Off-Paddock Barn Type Comparison

There’s plenty to take into consideration around off-paddock infrastructure, such as how long the cows will stay off the paddock, what is your main reason for investing, and the big question – how much are you willing to invest? DairyNZ has a very helpful guide to assist your through this decision making process. But let’s run through each quickly.

Permanent Feed Pad

An area specifically designed with a hard surface (can be concreted or not) used to feed out supplements and/or loafing of cattle. Usually sloped for ease of cleaning, some feedpads offer the potential to include a roof or side walls. It requires a significant labour input, and also a lot of water for cleaning.
Not suitable for standing off cows for long periods and there is the risk of cow injury or death due to confinement of the herd.

Stand-Off Pad

Semi-permanent purpose built area where stock can be held when it is not suitable to have them on the paddock. Not typically a place to feed cows however.
Consider a stand-off pad addition to your farm system if you have issues with: soil structure or pugging, damaged pasture, slow pasture growth, managing nutrient loss, laneways are damaged from standing cows on them, any problems with animal health and welfare due to current wet weather practices, or lameness and mastitis during or after wet times.

Loose Housed Barn – Soft Bedding

Fully covered facility, usually with plastic or steel roofing and ground covering of soft bedding material like straw, sawdust or woodchips. Usually there are no walls to aid ventilation and drying. Often used to house animals for longer periods such as during calving or over winter.

Loose Housed Barn – Slatted Concrete Floor

Fully covered facility typically with plastic over a frame roof and concrete slatted floor that covers a large effluent holding tank (must be large enough to hold effluent for a long time). To improve comfort for the cows the concrete is covered with bedding such as straw or rubber matting. This type of loose housed barn is both a feed pad and an off-paddock wintering facility. This option is not suitable for long periods of time unless rubber matting is used, and not a great area for calving unless extra bedding material is provided to prevent calf leg damage.

Freestall Barn

(this is what Calder Stewart specialises in)

Permanent structure, fully covered with steel roofing. Concrete floor area with softer surface that provides individual spaces for cows to lie down and is used for housing dairy cattle for long times. The many benefits a freestall barn offers (pasture protection, increased production, control of feed levels, improved dairy herd health and the opportunity to future proof effluent management against changing regulations) come at a higher cost to build and the continued higher input costs, mainly from imported supplementary feed, for your business.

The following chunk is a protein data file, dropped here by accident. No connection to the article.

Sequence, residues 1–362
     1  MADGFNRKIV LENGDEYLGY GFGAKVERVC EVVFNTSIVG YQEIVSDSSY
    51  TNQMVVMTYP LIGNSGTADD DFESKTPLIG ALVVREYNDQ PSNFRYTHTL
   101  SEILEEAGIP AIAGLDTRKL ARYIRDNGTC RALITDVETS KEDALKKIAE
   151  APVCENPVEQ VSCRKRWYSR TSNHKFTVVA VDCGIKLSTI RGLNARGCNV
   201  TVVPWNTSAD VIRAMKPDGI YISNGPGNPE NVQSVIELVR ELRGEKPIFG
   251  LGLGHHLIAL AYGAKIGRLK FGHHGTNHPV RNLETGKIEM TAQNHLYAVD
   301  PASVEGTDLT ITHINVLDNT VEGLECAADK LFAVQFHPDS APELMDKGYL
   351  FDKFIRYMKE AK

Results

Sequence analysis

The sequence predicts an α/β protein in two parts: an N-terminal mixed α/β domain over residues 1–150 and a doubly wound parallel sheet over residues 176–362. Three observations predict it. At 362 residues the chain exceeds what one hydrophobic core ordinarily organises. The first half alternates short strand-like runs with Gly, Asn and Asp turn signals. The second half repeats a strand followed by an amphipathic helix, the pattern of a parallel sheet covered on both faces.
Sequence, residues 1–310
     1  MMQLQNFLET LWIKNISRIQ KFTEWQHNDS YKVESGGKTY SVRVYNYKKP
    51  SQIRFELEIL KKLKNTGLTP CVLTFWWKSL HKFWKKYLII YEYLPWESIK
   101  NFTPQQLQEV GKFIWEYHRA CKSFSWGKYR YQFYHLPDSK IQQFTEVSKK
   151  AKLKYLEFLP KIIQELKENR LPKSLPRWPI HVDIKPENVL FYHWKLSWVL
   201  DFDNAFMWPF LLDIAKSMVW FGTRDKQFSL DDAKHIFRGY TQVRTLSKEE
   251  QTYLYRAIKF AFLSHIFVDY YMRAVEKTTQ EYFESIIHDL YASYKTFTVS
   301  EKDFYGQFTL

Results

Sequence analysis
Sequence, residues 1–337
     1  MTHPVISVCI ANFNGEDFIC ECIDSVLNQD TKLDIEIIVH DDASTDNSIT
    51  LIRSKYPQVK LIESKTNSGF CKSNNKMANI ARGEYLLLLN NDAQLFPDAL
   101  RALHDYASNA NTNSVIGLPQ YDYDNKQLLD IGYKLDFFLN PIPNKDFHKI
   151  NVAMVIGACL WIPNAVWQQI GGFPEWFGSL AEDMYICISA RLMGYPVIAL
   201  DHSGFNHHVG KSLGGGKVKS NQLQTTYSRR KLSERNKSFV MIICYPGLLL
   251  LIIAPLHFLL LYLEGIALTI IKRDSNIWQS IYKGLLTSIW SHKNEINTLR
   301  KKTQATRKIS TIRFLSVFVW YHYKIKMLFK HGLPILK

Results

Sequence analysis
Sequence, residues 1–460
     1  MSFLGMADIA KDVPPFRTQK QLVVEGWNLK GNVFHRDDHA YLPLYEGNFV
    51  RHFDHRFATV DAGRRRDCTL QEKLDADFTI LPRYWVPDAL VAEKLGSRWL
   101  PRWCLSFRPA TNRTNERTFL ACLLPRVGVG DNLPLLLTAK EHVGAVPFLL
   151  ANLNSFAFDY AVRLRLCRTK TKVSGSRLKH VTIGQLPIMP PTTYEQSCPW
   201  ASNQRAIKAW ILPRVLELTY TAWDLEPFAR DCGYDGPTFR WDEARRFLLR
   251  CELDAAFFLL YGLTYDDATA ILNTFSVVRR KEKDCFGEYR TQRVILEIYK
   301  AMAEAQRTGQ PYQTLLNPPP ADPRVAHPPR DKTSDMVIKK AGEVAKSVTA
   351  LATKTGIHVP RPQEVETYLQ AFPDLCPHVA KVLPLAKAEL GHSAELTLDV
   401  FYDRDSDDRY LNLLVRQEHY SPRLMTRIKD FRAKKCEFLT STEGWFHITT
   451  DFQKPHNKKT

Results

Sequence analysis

Freestall barns, like those offered by Calder Stewart, are the best all weather building to manage herd comfort and minimise production downturns when due to adverse weather conditions. There are fewer production losses from cow lameness as this is significantly reduced from not having the herd travel to and from grazing, and consequently a decrease in maintenance costs related to laneway surfacing and paddock gate entrances.

 

All these options have benefits regarding the reduction of paddock renovation costs following pugging and compaction and therefore possible increases in pasture production. Herd monitoring opportunities for comfort, health and wellbeing are greatly
increased. In most cases these off-paddock options reduce the chance of lameness. Feed wastage is often greatly reduced.

For all of these options you will need to consider effluent management. More often than not there is the possibility that effluent and used bedding materials can be utilised for crop or pasture application when conditions are right. This is even more so with the advanced system used in freestall barn systems. Drawbacks to any off-paddock option include a vunerablity to seasonal price changes on quality supplements, and supplementary feed costs are typically more than pasture. You’ll need to consider the need for attention to regulations if there is the potential for odour emissions and community complaints. Consents are needed to build, and with free stall barns, the potential for delays with regards to statutory and regulatory planning. And depending on the effluent management system used you may need more advanced engineering solutions and skills to manage it efficiently.

Find out more about the benefits of working with Calder Stewart here.